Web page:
Challenges

There is still much to be done for CEE countries to achieve well-developed, coherent pro-ICT regulatory frameworks, including those regarding IP/IT protection laws. This has rendered a sub-optimal development in ICT industries in the region, including the cybersecurity sector (Digital McKinsey 2018). To overcome these challenges and enhance their digital economic growth, CEE countries should avoid the unnecessary proliferation of inefficient ICT-oriented norms by creating a coherent legal framework that addressed the main concerns in the sector and fostered international and public/private synergies. Promoting digital economic growth in a regulated, controlled environment would also help reduce cybersecurity threats and facilitate the implementation of corporate and national cybersecurity strategies.

In addition, putting an end to the digital “brain drain” or talent leakage CEE countries suffer from would allow their ICT and cybersecurity industries to flourish and grow more independent from foreign ICT services and products providers (Digital McKinsey 2018). Strengthening national actors in the CEE cybersecurity market would increase the autonomy of CEE countries in cybersecurity debates in regional and international organizations. Moreover, by coordinating their actions in multilateral fora such as the EU or NATO through dialogue in regional institutions like the CECSP, the CEE region would be able increase its influence over key debates in the field of cybersecurity.

The differences in the implementation of common cybersecurity objectives under international organizations prevent a deeper level of cooperation between CEE countries. Further developing their response capacities by strengthening their national networks of CERTs is a necessary step foster reciprocal assistance synergies among EU and CEE countries.

Overall, despite the efforts made to cooperate in the field of cybersecurity have rendered promising results, EU and CEE countries still require from deep legal and policy changes to achieve their true potential – changes that will need from great political will to be implemented.

  1. Conclusion

Central and Eastern European countries are transitioning towards digitisation at the corporate, individual and public level. The evolution in the indicators studied here prove that computer and internet usage is more accessible and generalized in CEE countries. This transition entails strong cybersecurity concerns for the private sector. The more the degree of digitisation in CEE countries, the more attractive and vulnerable they will be to prospective cyberattacks. Investing in cybersecurity may sometimes not appear a critical priority given its defensive nature, for it is only needed when being targeted by a cyberattack. However, leaders in corporations and public entities should look beyond the absence of tangible, immediate benefits from adopting strong ICT security measures, and consider them as an investment to ensure their future stability and success.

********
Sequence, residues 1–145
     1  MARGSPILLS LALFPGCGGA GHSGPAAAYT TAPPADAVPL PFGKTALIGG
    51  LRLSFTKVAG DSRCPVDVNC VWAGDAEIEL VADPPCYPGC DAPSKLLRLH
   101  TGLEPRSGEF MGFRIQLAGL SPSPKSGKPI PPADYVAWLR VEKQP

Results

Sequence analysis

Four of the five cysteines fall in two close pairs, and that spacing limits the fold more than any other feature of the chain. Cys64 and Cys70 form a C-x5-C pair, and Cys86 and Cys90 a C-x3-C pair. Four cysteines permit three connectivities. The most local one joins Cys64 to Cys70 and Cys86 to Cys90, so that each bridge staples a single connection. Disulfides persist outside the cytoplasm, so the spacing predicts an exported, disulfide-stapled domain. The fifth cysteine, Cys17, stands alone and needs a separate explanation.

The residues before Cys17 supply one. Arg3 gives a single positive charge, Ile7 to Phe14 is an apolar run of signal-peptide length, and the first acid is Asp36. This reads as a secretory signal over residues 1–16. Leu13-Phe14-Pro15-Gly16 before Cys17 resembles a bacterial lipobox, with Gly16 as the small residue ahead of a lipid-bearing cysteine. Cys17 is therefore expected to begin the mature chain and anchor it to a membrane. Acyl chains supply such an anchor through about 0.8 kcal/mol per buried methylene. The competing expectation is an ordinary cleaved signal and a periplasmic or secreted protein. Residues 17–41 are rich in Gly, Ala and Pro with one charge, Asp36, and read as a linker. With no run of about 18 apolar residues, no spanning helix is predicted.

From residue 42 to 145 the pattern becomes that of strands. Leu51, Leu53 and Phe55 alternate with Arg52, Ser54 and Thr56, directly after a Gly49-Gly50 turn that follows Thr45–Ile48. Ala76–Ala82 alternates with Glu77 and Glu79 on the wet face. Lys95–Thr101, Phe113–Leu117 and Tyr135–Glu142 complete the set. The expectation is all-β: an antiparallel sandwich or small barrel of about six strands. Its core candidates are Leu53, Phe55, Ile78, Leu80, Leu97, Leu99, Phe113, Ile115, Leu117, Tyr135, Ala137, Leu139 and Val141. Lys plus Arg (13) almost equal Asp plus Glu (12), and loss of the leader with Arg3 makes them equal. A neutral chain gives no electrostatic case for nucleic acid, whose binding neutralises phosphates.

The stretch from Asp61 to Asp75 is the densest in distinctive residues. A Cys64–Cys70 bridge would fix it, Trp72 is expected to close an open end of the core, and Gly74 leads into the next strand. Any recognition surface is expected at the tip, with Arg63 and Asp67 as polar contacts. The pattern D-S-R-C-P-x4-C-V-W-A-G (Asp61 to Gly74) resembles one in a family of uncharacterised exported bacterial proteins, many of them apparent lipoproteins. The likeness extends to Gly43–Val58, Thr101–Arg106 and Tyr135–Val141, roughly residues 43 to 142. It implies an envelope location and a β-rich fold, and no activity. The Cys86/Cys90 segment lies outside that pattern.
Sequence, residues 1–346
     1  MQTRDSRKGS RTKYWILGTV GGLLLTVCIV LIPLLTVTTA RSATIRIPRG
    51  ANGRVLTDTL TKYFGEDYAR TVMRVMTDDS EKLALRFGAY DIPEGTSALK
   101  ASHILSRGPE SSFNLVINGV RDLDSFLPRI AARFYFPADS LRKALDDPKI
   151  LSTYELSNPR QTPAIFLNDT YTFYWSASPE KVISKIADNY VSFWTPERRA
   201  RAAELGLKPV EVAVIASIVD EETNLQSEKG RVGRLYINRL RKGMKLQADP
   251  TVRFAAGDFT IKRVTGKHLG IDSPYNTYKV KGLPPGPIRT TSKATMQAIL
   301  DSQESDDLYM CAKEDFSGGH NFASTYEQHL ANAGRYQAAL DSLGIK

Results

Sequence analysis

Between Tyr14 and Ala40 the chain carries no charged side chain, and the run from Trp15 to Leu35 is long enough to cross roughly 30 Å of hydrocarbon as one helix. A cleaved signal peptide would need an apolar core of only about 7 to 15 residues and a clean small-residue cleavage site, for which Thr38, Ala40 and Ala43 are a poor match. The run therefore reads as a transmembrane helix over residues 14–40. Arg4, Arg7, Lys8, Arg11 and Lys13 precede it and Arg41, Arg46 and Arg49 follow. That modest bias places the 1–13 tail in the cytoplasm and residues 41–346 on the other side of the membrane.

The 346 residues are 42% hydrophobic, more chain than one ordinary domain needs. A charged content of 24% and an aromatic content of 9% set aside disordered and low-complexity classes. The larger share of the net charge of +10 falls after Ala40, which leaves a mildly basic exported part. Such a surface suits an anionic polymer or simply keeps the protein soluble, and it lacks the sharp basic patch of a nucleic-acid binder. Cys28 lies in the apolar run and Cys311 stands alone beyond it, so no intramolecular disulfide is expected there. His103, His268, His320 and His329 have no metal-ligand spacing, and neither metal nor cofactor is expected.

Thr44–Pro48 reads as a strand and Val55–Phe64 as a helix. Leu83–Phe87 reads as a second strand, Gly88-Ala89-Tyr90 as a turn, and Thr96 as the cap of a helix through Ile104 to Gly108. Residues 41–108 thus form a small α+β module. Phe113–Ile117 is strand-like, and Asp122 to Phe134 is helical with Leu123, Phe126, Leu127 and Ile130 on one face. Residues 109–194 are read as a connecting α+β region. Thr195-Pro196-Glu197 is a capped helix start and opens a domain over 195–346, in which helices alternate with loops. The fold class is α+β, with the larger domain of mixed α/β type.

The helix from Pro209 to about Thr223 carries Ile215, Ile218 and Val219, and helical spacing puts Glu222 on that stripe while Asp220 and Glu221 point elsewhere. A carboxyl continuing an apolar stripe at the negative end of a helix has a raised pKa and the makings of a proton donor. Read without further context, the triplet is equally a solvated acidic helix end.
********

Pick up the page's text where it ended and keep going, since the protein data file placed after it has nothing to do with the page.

Corporations in CEE countries have generally started developing and implementing ICT security measures, and although some of them are on par with or even outperform EU levels, they are still insufficient to effectively deter and repel cyberattacks. Governments in CEE countries have made efforts in developing national cybersecurity strategy documents, thus reflecting their compromise to participate in building strong national cybersecurity systems.

However, measures put in place to prevent, detect, and counter cyberattacks remain insufficient. Corporations generally lack a cybersecurity strategy that provides them with complete, coherent security measures. They are not updated frequently enough, and fail to be effectively implemented as to achieve the objectives they identify. Having a comprehensive, well-drafted, and up-to-date corporate cyber strategy is vital to have effective protection measures in the fast-changing cybersecurity environment. Counting with sufficient employee training, systems monitoring, threat detection, and breach reporting protocols and practices, can mean the difference between deterring cyberattacks and being able to contain them, and total submission to the aggressor.

At a government level, updating national cybersecurity strategies, introducing transparent mechanisms to control their implementation, fostering ICT-friendly regulatory environments, and preventing “brain drain” would allow CEE governments to better tackle cybersecurity concerns. In addition, promoting regional and international cooperation initiatives would generate synergies and help provide tailored regional solutions, particularly in the CEE region.

Looking to the future, and following the first steps taken at the 2017 CEE Innovators Summit, projects like The Digital Three Seas Initiative would allow for the creation of common security models and standards, cross-border cyber infrastructure projects like the 3 Seas Digital Highway, and further cooperation in countering information warfare. Fostering regional cooperation through institutions like the CECSP, and promoting public-private initiatives like the Digital Three Seas Initiative, would allow CEE countries to become policy entrepreneurs and assume a leading role in the European debate about cybersecurity (The Kosciuszko Institute 2018).